In her book Brain Dance, Author Diane Grimard Wilson shares her journey with invisible illness and the wonders of neuroscience.


Today, we have the pleasure of interviewing Diane Grimard Wilson, Author of Brain Dance.

Hi Diane, Great to have you with us today! Tell us about yourself and how many books you have written.

I am a peak performance coach, psychotherapist, and applied neuroscientist with a private practice in Chicago. I work mostly with executives, athletes, and those in creative roles. Have written two books so far. I grew up in a family of 10 in Michigan and love art, coffee, taking pictures, brain science, walking, and social media. More personally, I am on the geeky side, love fitness, and am currently working to get rid of my 10 pandemic pounds. 

What is the name of your latest book, and what inspired it?

Brain Dance is a medical memoir inspired by an accident I had the year after my first book was released. It was one of those things that could have happened to anyone. I was sitting at a stoplight, and someone took a wide turn and drove his car into mine. I suffered a moderate concussion which marked the beginning of a long, non-conforming path from diagnosis to healing and finding myself again and a brand-new career path.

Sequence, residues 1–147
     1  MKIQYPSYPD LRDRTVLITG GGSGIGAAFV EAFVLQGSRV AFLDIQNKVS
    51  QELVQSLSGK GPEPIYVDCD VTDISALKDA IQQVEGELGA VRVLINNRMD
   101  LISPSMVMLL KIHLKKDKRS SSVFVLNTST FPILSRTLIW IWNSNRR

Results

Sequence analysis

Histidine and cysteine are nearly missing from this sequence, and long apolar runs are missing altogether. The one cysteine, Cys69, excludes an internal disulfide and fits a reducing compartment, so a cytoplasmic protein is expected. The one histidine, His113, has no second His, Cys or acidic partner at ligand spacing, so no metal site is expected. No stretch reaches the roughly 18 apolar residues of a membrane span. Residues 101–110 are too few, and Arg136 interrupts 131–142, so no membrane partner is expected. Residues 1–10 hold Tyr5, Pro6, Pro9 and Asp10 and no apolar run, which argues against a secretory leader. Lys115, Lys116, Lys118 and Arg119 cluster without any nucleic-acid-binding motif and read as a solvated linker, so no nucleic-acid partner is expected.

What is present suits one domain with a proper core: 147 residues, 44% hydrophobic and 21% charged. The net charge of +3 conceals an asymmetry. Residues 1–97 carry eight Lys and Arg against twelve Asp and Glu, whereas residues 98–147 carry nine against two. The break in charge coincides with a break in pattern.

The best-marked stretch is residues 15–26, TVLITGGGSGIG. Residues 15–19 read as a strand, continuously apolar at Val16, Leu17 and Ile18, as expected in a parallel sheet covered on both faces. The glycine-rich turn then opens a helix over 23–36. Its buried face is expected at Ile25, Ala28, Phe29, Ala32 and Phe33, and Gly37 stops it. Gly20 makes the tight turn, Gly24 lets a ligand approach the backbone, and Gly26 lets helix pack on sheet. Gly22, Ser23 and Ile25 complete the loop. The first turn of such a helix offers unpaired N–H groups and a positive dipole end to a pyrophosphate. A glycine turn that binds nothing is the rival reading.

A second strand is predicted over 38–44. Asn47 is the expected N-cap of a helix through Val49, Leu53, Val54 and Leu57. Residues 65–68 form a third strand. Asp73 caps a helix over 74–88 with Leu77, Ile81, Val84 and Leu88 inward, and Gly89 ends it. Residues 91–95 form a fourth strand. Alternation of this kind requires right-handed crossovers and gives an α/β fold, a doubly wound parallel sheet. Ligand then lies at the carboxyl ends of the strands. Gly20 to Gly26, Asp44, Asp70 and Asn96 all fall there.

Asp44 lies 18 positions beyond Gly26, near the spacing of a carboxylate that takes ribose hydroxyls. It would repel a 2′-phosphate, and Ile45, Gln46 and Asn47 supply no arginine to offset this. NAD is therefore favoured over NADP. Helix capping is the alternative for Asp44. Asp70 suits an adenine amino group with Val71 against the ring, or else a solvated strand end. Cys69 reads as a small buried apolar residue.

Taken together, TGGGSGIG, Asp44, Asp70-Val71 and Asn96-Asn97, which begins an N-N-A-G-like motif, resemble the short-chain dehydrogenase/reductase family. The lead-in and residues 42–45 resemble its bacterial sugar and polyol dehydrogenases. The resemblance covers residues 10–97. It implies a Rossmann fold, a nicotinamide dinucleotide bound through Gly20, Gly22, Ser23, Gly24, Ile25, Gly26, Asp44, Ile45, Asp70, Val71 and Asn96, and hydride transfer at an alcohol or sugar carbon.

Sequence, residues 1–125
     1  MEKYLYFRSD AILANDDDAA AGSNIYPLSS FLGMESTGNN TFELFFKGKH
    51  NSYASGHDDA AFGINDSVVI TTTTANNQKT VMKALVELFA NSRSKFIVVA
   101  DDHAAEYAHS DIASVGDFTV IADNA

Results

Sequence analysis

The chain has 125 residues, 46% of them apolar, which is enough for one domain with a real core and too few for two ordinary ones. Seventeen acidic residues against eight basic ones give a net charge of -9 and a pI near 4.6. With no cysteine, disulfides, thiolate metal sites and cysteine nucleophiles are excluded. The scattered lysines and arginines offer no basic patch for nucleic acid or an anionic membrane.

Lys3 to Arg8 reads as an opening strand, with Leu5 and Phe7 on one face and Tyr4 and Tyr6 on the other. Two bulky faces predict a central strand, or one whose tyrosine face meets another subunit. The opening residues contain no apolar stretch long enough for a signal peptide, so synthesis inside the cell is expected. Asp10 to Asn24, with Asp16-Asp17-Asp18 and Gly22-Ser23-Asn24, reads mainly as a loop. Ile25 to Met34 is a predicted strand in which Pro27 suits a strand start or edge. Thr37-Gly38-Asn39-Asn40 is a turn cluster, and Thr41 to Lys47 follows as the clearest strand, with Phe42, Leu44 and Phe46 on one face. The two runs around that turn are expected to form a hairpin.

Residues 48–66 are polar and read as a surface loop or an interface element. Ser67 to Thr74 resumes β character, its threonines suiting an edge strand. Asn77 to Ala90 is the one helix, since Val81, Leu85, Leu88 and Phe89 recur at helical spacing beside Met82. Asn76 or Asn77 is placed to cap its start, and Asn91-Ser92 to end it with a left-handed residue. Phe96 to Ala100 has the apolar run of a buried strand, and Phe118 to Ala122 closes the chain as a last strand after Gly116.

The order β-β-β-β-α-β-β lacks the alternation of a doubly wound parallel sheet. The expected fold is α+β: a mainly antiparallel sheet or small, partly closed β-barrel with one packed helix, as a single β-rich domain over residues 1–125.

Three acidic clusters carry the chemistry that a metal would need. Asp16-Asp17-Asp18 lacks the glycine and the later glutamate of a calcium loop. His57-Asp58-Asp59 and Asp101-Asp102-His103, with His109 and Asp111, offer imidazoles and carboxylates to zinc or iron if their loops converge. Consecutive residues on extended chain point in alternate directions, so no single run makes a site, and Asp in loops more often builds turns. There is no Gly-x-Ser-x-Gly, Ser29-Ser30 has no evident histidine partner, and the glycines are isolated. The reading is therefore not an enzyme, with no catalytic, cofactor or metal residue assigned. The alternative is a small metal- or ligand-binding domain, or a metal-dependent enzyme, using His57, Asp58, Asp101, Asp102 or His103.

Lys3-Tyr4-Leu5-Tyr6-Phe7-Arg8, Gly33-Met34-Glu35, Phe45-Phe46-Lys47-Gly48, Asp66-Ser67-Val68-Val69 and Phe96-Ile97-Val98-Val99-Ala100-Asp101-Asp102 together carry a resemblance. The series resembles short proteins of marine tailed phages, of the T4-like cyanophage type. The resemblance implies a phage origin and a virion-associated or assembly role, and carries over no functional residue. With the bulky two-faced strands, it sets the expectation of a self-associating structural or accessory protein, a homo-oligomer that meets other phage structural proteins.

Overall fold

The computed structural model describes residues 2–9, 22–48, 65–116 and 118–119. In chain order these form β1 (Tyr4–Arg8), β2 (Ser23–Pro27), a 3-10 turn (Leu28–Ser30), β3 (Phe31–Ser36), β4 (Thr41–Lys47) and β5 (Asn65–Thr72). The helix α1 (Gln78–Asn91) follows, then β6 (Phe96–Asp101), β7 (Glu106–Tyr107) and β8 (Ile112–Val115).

I believe my injury story is not unusual but is rarely talked about. People like me can feel lost, misunderstood even to ourselves, and very alone. Injuries of the brain and how it impacts a life, are topics important to all of us. Everyone needs to understand how to care for his or her own brain and use it optimally in daily life. There is much to learn. I am fortunate to have found situations and people that helped me with a second chance in life.